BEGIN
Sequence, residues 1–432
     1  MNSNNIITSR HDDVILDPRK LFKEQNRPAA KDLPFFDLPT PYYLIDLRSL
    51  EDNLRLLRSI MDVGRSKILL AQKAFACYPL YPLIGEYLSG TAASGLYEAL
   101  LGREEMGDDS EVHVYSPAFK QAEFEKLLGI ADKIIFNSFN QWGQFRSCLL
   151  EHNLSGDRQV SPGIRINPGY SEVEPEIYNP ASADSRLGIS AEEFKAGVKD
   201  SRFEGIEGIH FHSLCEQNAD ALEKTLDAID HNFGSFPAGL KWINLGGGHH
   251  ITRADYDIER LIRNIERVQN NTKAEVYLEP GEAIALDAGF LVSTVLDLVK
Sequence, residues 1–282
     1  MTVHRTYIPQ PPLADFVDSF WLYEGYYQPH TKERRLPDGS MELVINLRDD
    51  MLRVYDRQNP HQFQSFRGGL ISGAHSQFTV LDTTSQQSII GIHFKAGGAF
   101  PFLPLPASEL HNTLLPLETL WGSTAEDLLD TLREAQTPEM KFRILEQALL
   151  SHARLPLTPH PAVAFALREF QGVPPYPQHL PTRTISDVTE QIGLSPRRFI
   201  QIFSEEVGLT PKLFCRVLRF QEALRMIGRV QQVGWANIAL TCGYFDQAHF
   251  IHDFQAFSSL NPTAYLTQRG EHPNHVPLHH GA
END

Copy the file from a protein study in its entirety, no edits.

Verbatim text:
Sequence, residues 1–432
     1  MNSNNIITSR HDDVILDPRK LFKEQNRPAA KDLPFFDLPT PYYLIDLRSL
    51  EDNLRLLRSI MDVGRSKILL AQKAFACYPL YPLIGEYLSG TAASGLYEAL
   101  LGREEMGDDS EVHVYSPAFK QAEFEKLLGI ADKIIFNSFN QWGQFRSCLL
   151  EHNLSGDRQV SPGIRINPGY SEVEPEIYNP ASADSRLGIS AEEFKAGVKD
   201  SRFEGIEGIH FHSLCEQNAD ALEKTLDAID HNFGSFPAGL KWINLGGGHH
   251  ITRADYDIER LIRNIERVQN NTKAEVYLEP GEAIALDAGF LVSTVLDLVK
Sequence, residues 1–282
     1  MTVHRTYIPQ PPLADFVDSF WLYEGYYQPH TKERRLPDGS MELVINLRDD
    51  MLRVYDRQNP HQFQSFRGGL ISGAHSQFTV LDTTSQQSII GIHFKAGGAF
   101  PFLPLPASEL HNTLLPLETL WGSTAEDLLD TLREAQTPEM KFRILEQALL
   151  SHARLPLTPH PAVAFALREF QGVPPYPQHL PTRTISDVTE QIGLSPRRFI
   201  QIFSEEVGLT PKLFCRVLRF QEALRMIGRV QQVGWANIAL TCGYFDQAHF
   251  IHDFQAFSSL NPTAYLTQRG EHPNHVPLHH GA